Date read: 7.14.2016
Book from: Personal collection
The Lies of Locke Lamora features long cons, crime-boss uprisings, and bloody revenge plots amid the cluttered criminal underworld of a bustling, sweltering, alchemy-infused alternative medieval Venice. Our heroes: the Gentleman Bastards, a tiny brotherhood of con artists, led by the unparalleled liar Locke Lamora.
One of my good reading buddies went crazy for this novel shortly after it came out, and I had always wanted to read it since, especially because the title was so mischievous, lyrical, and evocative. The fact that it continually resurfaces as a fan favorite 10 years on also piqued my interest. (e.g., it’s still on the bestseller list at my local sff bookstore, Pandemonium.)
Based on the hoopla, I’d been expecting something Dorothy Sayers-esque – exceptionally witty and elegant – but unfortunately found this, prose-wise, to be a solid B+ at best. Lynch’s writing is markedly juvenile: he overuses italics and parentheticals, and treats profanity in large quantities as funny per se. Characters emote by gritting their teeth, gulping, and squeaking. I would describe the humor as geekily goofy, rather than witty. His descriptions are colorful and involving, but not sharply observed. He does a good job of conveying personality more through dialogue than exposition, but again, isn’t quite sharp enough to fully resolve characters purely through these means. I wouldn’t say the characters feel hollow, as they often do in mediocre fantasy – symbols of people rather than people – but there’s a general feeling of a slightly unfocused photograph about the whole thing. The villains in particular are dreadfully boilerplate.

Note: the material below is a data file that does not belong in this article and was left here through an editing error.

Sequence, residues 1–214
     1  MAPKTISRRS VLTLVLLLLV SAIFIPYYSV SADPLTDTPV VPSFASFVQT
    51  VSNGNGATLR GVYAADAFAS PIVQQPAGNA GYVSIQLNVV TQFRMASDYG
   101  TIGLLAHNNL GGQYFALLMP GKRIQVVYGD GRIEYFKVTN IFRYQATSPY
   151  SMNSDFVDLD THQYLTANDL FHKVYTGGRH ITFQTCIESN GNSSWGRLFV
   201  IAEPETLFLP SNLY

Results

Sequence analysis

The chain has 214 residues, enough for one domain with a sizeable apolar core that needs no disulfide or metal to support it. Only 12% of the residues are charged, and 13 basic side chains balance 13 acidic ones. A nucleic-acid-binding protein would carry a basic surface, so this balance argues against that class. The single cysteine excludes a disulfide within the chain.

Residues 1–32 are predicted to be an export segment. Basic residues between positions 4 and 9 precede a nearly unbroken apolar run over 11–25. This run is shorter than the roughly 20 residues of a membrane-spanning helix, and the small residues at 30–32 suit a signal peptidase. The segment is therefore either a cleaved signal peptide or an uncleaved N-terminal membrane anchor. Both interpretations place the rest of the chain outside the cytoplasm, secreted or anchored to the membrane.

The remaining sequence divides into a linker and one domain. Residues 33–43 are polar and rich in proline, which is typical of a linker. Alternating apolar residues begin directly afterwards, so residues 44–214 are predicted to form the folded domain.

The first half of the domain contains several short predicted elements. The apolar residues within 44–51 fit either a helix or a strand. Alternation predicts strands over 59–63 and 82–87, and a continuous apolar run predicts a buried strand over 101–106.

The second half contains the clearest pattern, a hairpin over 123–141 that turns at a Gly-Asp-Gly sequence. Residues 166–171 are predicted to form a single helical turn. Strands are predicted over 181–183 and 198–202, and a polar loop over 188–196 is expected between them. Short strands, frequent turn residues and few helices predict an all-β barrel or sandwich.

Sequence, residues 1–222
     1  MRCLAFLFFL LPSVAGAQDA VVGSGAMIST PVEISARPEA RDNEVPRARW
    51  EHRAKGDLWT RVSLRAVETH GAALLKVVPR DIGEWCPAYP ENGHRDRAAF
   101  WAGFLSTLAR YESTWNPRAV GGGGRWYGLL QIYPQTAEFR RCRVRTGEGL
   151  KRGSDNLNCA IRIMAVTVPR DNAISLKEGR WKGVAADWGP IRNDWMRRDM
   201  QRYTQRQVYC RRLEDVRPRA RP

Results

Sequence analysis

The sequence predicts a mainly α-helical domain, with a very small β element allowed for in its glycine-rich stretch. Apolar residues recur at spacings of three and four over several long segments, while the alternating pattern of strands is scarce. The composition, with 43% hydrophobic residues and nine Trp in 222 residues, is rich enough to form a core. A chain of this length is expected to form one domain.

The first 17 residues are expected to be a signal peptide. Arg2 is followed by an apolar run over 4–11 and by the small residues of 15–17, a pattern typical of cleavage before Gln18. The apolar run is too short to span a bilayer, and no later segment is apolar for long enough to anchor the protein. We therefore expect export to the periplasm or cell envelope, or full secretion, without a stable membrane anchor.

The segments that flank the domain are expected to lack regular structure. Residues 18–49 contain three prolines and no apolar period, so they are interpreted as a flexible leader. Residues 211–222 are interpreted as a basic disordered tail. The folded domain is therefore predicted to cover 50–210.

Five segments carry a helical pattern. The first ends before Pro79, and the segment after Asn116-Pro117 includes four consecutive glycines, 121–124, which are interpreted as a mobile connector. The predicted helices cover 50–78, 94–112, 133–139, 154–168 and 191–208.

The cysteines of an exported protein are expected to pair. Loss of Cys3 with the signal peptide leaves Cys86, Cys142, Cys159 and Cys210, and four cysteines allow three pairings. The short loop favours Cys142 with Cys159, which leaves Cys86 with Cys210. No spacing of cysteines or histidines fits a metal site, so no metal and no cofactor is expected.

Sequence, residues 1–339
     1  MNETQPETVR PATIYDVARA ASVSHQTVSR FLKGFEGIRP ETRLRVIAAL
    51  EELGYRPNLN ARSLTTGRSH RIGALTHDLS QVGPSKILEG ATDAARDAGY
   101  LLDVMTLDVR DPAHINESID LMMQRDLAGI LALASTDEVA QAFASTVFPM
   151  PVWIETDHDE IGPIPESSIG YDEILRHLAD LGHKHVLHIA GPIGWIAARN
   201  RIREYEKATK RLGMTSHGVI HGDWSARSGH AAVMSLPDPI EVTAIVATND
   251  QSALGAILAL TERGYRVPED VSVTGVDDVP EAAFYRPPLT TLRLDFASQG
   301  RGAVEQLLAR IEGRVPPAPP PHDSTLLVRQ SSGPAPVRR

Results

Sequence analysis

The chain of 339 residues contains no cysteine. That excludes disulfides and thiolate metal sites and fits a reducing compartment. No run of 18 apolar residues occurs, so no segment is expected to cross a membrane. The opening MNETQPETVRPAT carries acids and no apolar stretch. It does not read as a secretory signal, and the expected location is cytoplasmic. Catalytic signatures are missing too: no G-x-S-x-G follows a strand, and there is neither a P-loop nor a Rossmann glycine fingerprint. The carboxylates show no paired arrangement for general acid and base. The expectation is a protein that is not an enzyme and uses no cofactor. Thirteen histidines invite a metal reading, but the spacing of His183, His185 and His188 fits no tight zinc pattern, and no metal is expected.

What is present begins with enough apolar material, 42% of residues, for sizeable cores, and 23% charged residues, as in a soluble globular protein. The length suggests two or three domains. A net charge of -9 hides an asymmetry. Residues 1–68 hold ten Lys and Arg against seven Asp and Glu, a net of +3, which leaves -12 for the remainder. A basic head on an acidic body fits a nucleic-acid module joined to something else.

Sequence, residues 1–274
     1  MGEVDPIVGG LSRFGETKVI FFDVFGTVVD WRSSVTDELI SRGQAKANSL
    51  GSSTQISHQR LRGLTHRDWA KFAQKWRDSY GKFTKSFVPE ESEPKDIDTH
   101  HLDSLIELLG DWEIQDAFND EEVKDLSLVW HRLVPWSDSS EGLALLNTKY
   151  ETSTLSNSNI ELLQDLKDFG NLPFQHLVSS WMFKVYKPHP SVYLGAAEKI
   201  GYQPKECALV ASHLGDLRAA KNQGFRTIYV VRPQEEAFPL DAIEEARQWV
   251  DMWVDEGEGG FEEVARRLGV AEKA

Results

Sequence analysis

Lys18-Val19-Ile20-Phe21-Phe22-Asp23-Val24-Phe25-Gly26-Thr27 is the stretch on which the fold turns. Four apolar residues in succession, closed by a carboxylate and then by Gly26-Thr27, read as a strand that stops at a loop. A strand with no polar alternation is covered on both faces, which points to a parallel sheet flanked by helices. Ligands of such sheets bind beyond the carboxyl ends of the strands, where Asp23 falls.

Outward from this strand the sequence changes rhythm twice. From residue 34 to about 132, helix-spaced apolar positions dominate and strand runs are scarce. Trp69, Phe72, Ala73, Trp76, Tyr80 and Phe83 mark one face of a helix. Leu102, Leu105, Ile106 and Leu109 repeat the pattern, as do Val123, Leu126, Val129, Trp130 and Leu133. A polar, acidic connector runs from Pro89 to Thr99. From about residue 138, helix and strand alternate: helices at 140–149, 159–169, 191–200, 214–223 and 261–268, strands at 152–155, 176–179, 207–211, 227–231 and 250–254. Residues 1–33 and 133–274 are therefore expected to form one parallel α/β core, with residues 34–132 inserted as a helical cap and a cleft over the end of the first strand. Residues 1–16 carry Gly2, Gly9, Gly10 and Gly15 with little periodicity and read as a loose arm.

That said, I stuck it out, and had a lot of fun with it. This book has vim – it has bounce and fun and grit and texture – qualities that are helped along by Lynch’s obvious enjoyment at sharing his created city, and a greater part of lightheartedness than grimness. Ultimately I think I found the setting itself and the collective feeling of the cast more engaging than the immediate plot or individual characters. Sharks, gladiators, unearthly towers, plague ships, eccentric spymasters, more sharks, and soldiers-turned-weaponmasters – I found it all a wonderful playground for the imagination, and read with a sense of eagerly clambering onward.
Also, the female characters hold interesting occupations (!), and are not written about with condescension or objectification.
Lynch also made an structural interesting decision to alternate chapters of present-day plot with chapters of character backstory and occasional, vivid snippets of city history. This is a clever way of accomplishing several things: dispensing with the typically long build-up in spy/thief/assassin apprenticeship narratives; avoiding lengthy exposition in the present-day narrative; and building various sorts of tension, irony, and thematic symmetry. I don’t think all of the transitions work smoothly, but I still appreciated the choice.
With a few months’ distance, I’ve lost interest in picking up the sequels, but would happily give Lies a lazy reread. More sharks!!